On with the signed editions we go, and here's a book I picked up just last weekend on an inaugural visit to Dim and Distant, a terrific secondhand bookshop in the small town of Heathfield, East Sussex:
The Silver Swan was published in hardback by Picador in 2007. Benjamin Black is, of course, the crime-writing alias of literary giant John Banville, and while I wasn't terribly keen on the single Black novel I've read – 2008's The Lemur – the critical weight of opinion on his expanding criminal oeuvre convinced me to put down four quid for The Silver Swan – his second B. Black offering – when I saw it in amongst the extensive selection of hardbacks on offer at Dim and Distant. Well, that, and this:
Which I figured was Mr. Banville's abbreviated signature. But having looked online, it doesn't appear to bear any resemblance to other examples of Banville's John Hancock, either his own or his alter ego's. If it's not his signature, though, I'm curious as to why whoever scrawled on it chose to do so on the book's title page, as owner inscriptions usually appear on endpapers. Strange. Anyway, even if it is some random sod's signature rather than the author's, £4 is still a fair price for a first printing, especially as I also found this next to it:
A hardback first edition/first printing of his debut Black novel, Christine Falls, published by Picador in 2006. So I can at least read the first two books in Banville/Black's series centring on Dublin pathologist Quirke in the correct order.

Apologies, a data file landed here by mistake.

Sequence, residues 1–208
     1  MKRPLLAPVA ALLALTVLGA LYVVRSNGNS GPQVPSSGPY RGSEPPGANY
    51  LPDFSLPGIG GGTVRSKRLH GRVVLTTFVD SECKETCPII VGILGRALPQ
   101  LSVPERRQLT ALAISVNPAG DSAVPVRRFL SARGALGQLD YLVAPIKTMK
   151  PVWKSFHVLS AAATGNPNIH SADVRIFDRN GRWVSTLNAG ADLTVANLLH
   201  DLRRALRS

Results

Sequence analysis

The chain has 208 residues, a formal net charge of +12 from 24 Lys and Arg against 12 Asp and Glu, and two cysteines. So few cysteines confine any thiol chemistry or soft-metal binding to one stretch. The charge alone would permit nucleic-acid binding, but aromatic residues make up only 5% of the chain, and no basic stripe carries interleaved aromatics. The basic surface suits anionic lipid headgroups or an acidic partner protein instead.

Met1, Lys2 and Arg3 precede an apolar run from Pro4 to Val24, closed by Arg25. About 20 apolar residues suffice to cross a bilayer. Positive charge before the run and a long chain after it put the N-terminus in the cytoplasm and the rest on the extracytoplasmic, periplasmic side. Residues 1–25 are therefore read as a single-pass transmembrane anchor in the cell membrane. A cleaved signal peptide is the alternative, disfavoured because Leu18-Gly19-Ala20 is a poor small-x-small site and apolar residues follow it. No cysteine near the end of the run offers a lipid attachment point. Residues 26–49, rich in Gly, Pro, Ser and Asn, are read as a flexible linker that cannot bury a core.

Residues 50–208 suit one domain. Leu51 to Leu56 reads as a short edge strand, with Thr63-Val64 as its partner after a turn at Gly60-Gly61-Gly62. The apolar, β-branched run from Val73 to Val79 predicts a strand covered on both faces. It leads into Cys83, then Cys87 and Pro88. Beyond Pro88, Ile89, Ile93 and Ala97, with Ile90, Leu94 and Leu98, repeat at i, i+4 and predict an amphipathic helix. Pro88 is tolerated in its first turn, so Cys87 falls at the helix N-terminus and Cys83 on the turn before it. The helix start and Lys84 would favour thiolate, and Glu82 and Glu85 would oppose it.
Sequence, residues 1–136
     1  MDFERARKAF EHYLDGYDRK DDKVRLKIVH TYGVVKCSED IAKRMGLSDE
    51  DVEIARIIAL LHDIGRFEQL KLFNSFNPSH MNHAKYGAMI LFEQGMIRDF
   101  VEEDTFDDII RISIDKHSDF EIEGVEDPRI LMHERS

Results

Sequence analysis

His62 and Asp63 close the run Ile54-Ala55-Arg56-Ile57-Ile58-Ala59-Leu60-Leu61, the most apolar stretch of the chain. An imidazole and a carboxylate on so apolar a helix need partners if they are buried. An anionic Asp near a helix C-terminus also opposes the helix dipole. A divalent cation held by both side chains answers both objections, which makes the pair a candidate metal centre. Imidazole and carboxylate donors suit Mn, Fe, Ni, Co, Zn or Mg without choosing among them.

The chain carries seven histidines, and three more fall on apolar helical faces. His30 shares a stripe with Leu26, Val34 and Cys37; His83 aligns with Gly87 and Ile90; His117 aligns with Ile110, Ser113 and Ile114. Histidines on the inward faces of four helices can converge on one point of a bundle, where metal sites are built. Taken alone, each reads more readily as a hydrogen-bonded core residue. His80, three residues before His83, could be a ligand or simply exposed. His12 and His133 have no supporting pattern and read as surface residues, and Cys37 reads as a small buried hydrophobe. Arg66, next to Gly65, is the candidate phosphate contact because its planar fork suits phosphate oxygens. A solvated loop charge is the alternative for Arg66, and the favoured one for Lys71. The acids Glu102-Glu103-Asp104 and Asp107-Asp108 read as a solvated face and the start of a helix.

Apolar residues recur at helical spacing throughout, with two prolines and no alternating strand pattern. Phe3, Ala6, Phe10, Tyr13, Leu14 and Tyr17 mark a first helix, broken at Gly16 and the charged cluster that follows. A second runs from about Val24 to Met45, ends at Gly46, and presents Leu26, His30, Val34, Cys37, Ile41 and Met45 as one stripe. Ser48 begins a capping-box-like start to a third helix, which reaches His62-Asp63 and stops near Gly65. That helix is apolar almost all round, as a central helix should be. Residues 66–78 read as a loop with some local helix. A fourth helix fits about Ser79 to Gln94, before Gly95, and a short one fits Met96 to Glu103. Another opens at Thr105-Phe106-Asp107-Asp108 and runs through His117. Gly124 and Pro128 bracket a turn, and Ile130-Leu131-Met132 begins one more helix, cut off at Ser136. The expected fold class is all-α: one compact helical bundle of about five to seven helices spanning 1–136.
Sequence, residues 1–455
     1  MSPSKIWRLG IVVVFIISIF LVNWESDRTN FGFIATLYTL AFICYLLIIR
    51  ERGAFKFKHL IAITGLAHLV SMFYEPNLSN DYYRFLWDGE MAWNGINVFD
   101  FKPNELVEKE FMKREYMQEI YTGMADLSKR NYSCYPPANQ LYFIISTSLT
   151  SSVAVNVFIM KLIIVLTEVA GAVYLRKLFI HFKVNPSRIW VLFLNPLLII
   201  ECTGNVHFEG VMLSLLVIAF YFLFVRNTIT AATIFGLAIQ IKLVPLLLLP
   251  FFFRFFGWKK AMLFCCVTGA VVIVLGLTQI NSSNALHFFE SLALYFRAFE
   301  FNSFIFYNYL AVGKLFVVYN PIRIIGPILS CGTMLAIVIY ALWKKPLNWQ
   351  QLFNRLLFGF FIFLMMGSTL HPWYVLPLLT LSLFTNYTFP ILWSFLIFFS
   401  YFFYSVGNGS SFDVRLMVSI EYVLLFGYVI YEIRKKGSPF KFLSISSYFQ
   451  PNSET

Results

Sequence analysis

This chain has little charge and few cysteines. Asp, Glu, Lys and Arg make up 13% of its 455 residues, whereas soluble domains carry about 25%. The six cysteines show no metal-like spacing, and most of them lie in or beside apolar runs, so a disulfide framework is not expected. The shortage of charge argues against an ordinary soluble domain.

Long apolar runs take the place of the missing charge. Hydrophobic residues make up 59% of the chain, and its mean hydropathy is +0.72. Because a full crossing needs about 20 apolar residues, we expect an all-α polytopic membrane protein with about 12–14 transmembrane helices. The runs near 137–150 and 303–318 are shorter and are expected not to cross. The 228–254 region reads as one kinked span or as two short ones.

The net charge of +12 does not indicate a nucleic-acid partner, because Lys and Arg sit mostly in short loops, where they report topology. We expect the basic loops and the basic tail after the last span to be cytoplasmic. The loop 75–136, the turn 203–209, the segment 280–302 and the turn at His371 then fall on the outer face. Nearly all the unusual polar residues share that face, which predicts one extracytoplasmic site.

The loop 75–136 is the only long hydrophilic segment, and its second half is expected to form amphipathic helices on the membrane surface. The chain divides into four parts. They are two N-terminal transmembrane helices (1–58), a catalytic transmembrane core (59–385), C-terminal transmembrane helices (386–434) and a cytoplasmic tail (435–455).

Banville is a fan of a writer who's an abiding obsession of mine, Donald E. Westlake, in particular Westlake's pseudonymous Richard Stark Parker novels. He provided the foreword to The University of Chicago Press' 2009 reprint of The Score (Parker #5), but his appreciation was underlined more recently when The Guardian ran a feature in their Saturday review section in July titled "Partners in Crime Fiction", wherein a variety of contemporary novelists chose their favourite crime writers (to tie in with the Harrogate Theakston's Old Peculiar Crime Writing Festival; my old mucker Keith Walters was one of two "bloggers in residence" at the event and has a series of posts on it on his Books and Writers blog). In his Benjamin Black guise Banville led the article, and his pithy Stark testimonial is well worth a read if you haven't chanced across it yet.
What's next then? Well, if you click on the back cover of The Silver Swan, that might provide a clue as to the identity of the author of the next signed novel I'll be showcasing – and I reckon I'm on much firmer ground regarding the authenticity of that signature. But there could well be another Violent World of Parker post ahead of that, so you'll just have to wait and see which one appears first. Oh the excitement...